Coan's collection of 'new beginning' stories captures the spirit of new Americans. Each story frames a different period of history but the drive, dreams, passion and pride of the subjects hasn't changed over time. Immigrants often leave so much behind in order to bring so much forward. The author organized the stories by decade and included a background of each era. With the perfect dose of history the book moves forward and the readers will feel like they get to know the storytellers. This book is the perfect companion to any educator who is teacing their students about immigration to the United States because it puts both the historic and contemporary issues of immigration into perspective.
According to Roberto Gonzales of the Immigration Policy Center, the 10 states that allow undocumented immigrants to pay in-state tuition at public institutions show no evidence of U. S. citizen-student displacement or systemic financial drain. Interestingly, the states with the greatest number of undocumented immigrants are the most likely to allow the undocumented to pay in-state tuition because of the societal benefit of decreased crime and increased future revenue. This is true on both sides of the political aisle. Both Texas and New York allow these individuals to pay in-state tuition rates.
This issue covers two class actions, one seeking to recover TPS fees and the other involving the Child Status Protection Act; upcoming BIA argument on Matter of Perez Vargas (IJ's jurisdiction to apply INA § 204(j)); a decision on the consular nonreviewability doctrine; and a court order compelling DOL to adjudicate a PERM application.
New Report Finds No Significant Relationship between Native Unemployment and Immigrants
Washington D.C. - As Congress once again takes up the mantle for comprehensive immigration reform, it is critically important for policymakers to understand the real impact immigration has on native unemployment. Research conduced by Rob Paral and Associates for the Immigration Policy Center demonstrates that there is little apparent relationship between unemployment and the presence of recent immigrants at the regional and state levels. Read more...
According to an Immigration Policy Center report, around 30% of those deported through the program between Oct. 2009 - Sept. 2010 were non-criminals. Other Immigration and Customs Enforcement sources have placed the number at almost half of those arrested. Previous efforts to focus on high-level criminals have seen Immigration and Customs Enforcement arresting and likely deporting up to 83% of folks convicted of minor traffic violations or no crime at all, says IPC.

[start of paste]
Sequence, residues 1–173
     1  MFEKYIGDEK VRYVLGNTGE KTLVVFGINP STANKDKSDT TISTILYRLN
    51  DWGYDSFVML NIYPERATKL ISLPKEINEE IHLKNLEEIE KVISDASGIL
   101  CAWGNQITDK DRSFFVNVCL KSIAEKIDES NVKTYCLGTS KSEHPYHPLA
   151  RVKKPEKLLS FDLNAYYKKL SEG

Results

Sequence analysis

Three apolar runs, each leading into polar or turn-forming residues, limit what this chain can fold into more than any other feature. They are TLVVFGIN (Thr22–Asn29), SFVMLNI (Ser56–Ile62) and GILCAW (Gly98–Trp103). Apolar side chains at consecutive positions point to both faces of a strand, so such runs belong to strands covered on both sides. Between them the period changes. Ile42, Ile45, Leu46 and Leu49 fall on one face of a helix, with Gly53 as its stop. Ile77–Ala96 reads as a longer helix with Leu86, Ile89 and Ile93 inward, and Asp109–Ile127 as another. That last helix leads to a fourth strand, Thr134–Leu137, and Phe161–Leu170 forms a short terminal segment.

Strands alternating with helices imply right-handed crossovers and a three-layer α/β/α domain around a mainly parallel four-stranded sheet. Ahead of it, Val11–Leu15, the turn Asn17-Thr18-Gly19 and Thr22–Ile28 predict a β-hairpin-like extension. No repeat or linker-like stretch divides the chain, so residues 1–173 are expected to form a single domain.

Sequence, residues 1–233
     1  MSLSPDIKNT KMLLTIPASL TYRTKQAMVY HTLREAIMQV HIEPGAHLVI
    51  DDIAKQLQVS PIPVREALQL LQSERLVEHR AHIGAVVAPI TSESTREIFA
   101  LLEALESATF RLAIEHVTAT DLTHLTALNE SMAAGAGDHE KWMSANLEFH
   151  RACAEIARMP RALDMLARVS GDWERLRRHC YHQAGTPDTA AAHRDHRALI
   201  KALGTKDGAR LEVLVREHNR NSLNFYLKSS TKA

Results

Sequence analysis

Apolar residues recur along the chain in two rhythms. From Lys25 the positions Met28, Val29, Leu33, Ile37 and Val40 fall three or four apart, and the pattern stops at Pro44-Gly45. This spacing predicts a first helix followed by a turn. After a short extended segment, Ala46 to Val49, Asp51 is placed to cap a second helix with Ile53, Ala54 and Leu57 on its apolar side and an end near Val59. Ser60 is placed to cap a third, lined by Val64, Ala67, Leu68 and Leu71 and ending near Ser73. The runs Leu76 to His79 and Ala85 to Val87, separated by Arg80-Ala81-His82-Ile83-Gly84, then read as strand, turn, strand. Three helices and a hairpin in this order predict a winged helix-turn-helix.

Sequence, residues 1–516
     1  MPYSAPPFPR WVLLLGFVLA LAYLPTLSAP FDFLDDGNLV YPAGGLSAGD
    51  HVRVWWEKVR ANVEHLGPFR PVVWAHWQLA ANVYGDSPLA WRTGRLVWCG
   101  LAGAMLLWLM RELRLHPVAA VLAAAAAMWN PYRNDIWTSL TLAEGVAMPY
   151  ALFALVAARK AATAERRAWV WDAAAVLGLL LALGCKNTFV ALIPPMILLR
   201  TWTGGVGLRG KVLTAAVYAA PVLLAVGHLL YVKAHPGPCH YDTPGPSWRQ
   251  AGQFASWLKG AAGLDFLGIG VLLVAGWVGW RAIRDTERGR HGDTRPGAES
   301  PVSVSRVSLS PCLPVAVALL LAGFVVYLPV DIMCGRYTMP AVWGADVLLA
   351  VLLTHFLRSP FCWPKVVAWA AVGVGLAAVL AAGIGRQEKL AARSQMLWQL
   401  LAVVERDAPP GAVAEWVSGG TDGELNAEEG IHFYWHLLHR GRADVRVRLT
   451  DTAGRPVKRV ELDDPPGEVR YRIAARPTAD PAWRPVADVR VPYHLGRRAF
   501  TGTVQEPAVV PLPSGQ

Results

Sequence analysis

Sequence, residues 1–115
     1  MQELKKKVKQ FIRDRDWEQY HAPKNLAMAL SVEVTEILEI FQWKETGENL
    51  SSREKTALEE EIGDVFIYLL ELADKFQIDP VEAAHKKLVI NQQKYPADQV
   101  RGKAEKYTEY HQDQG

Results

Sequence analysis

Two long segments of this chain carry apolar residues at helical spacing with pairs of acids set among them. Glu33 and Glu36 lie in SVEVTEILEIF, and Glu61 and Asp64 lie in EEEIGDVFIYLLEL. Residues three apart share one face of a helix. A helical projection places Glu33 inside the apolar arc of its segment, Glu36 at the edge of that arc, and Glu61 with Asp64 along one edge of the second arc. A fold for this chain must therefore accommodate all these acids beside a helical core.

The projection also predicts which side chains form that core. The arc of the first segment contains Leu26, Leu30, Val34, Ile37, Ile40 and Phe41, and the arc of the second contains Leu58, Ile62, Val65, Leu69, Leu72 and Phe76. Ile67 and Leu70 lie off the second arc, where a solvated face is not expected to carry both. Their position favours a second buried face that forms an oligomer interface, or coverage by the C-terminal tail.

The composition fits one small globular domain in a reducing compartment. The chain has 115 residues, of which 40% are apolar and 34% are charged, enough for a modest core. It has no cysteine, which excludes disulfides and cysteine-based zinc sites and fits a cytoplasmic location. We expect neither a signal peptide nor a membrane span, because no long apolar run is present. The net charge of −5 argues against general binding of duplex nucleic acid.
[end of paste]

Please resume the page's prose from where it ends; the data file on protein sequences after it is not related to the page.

It's a story repeated throughout American culture, in theatre, film and novels: the penniless immigrant arrives on American shores seeking a new life and, through hard work and determination, prospers and thrives.
Such tales are a quintessential part of the "American Dream", the idea that anyone willing to work hard and think big can come to the US and "make it".
But, at a time when immigration is a divisive, hot-button political issue, is that dream still possible?
The dream itself is alive and well, says Ben Johnson, the executive director of the American Immigration Council.
"The spirit of the people who have the drive to uproot themselves and pursue this dream across the world is powerful. It continues to shine through," Mr Johnson told the BBC.
But the spirit is not sufficient if the system won't allow it. And America's immigration system does not make it particularly easy to start a new life on its shores.
American immigration policy is largely family based, meaning residency is most commonly granted to the immediate family of existing residents or citizens.
For others, visas are granted mostly based on skill levels, with highly skilled immigrants having a much easier time getting work permits than unskilled labourers.
So-called skilled workers - usually people with a university education or professional training - have a range of visa options. The most common visa, the H1B class, currently has a ceiling of 65,000 each year.
That quota is easily filled every year. Before the recession, it was filled in the same month the visas were released.
At the moment, Mr Johnson says, it gets filled in eight or nine months, meaning that for several months of the year, H1B visas simply are not available regardless of the demand for them.
For unskilled labourers, the US grants just 5,000 work visas each year to people employed in fields other than agriculture.Read more...
This issue covers the Supreme Court's favorable decision in an aggravated felony case, a legal challenge to the H-1B/Neufeld Memo on the employer-employee relationship, EOIR resources on BIA precedents, a court of appeals decision vacating a BIA precedent on the finality of a conviction, updates on the suits challenging Arizona's immigration law (SB 1070), and LAC litigation on access to courts, motions to reopen, and the Child Status Protection Act.
The month of September brings the Health&Fitness issue of J-1 JOURNEYS. In this edition, we answer the important question, "What Is My J-1 Visa?", give advice on staying fit at the office, and talk about how to approach your supervisors for direct feedback.